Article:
I think another reason I like the black and white prints is because I have always liked comic strips since I was a kid. They were often done up in just black and white. The drawing styles and graphic elements are what gave them character and charm. I have always been fascinated seeing the drawing styles of comic book and graphic novel artists. Speaking of that I was browsing through some blogs and ran across a talented comic artist's work on Loobylu. There is currently a link to Lucy Knisley's work that shows her charming cartoon characters and a bit about her life. You will need to scroll down a bit to find the entry. It's in Loobylu's post dated May 23rd. Here's another link to Lucy Knisley's website.

Monday, June 15, 2009

Paper Piecing Black & White

Lilac bush blooming in front yard.I love the smell of lilacs when they start to bloom. This photo was taken about a week and a half ago. Sadly, most all of the blossoms have fallen to the ground following a couple days of rain and wind going through the area. There are a few blossoms left on our lilac bushes and also some bushes around the neighborhood that happened to bloom after the rain. It's fun to take the dogs walking and catch a whiff of lilacs on the breeze. That's one of the perks of summer for me - the scent of lilacs on the breeze.

I've started work on another quilt. This one is a paper pieced quilt pattern I am making up with black and white fabrics. I plan on adding bright, vivid pops of color in the corners when it finally goes together. It will take a while to do the paper piecing so I have time to go through my fabric stash to review what I have on hand. I hadn't planned on purchasing more fabric since I have so much on hand at this time. But this black and white quilt seems to call for some pops of color. At the very least I'll throw in a variety of reds. I know I have plenty of them on hand. But what I had in mind was a collection of other colors like blue and greens. I'll wait till the piecing is nearly done before I make the final decision.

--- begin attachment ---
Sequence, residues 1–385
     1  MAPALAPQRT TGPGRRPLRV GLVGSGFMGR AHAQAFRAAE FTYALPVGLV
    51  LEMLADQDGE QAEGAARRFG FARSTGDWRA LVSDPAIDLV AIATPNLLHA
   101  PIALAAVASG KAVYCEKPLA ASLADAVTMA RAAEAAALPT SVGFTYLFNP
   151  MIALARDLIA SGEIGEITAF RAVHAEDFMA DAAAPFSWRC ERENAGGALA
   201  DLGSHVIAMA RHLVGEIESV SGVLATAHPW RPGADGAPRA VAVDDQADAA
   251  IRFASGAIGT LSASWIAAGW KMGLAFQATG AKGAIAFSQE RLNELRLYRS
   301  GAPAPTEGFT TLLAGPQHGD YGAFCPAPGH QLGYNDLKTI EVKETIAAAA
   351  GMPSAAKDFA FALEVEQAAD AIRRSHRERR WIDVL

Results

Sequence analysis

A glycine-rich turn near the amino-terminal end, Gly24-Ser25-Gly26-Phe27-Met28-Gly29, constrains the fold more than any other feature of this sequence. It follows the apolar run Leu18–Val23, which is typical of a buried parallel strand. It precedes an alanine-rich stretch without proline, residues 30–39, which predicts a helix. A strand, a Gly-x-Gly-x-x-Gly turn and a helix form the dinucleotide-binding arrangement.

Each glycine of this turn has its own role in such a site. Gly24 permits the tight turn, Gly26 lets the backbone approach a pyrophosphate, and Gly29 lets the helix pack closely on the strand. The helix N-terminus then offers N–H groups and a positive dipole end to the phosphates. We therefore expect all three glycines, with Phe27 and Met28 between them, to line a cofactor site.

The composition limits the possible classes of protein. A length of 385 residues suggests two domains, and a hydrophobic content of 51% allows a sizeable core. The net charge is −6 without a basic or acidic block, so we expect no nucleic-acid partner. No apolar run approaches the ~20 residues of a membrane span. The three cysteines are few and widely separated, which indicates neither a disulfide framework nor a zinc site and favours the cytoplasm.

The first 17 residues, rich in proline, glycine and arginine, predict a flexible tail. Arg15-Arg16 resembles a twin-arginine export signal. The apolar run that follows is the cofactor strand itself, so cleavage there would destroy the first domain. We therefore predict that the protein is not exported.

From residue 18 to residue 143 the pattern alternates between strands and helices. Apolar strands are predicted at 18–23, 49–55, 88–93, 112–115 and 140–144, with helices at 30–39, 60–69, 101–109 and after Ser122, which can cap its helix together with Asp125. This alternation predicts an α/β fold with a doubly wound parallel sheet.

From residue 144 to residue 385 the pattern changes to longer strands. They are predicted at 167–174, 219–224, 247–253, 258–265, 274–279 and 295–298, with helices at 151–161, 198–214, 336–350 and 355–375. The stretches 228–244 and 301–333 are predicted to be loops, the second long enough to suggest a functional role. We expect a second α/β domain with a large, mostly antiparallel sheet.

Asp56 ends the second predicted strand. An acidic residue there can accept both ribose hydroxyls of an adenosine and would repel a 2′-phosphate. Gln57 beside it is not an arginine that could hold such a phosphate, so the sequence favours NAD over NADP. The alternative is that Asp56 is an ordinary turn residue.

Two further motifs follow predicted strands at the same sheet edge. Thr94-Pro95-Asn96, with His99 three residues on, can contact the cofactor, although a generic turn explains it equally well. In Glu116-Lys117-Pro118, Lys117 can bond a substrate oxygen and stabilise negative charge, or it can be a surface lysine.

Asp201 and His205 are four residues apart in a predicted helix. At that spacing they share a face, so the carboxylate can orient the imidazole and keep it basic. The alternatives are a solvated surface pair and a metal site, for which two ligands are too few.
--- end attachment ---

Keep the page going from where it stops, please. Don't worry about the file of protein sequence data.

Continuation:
Karen Stone's Rattlesnake Quilt pattern.The pattern is called 'Rattlesnake' by Karen Stone. It consists of a football shape made up of triangles. I have collected a variety of black and white fabrics. I decided it was finally time to do something with them. This will be a great use for these prints.

The pattern was written for use with flannel fabrics, but I chose not to go that way. I think the cottons will be so much nicer to work with, less bulky at the corners. Besides, I've got way more selection of cottons than I do flannels.

I'll work on getting some photos taken and posted this week to share my progress. This is the quilt I've been taking along to do some sewing at a friend's house. We sit and chat as we sew. Once you get into the swing of matching the shape to fit the paper piecing areas it starts to become a 'no-brainer' sewing project. It takes a little thinking at first with paper piecing since you are sewing from the back side to follow the stitching lines on the paper, but after a few pieces are sewn into place your brain gets adjusted to working from the back side of the piece. That fact alone is usually what throws newbies on paper piecing. If you catch onto the working from the back technique you'll do great and love to paper piece. If not, you'll hate it when flipping the fabric proves you sewed wrong. It's one of those love it or hate it kind of projects. I like the fact you can make intricate designs very accurately by just sewing on the lines.

Wednesday, April 8, 2009

Talk About Losing Focus!

Wow! It's been the whole first quarter of this year that's whizzed on by. And I have yet to contribute anything to this new blog I created. That's about to change. I will be refocusing my efforts to work on my art more. Art Quilts is one area I'd like to direct some of that attention.

So . . . I'm going to pick up right where I left off. This first month back in the swing of things will be a look at Redwork Quilts Revisited -- definitely revisited!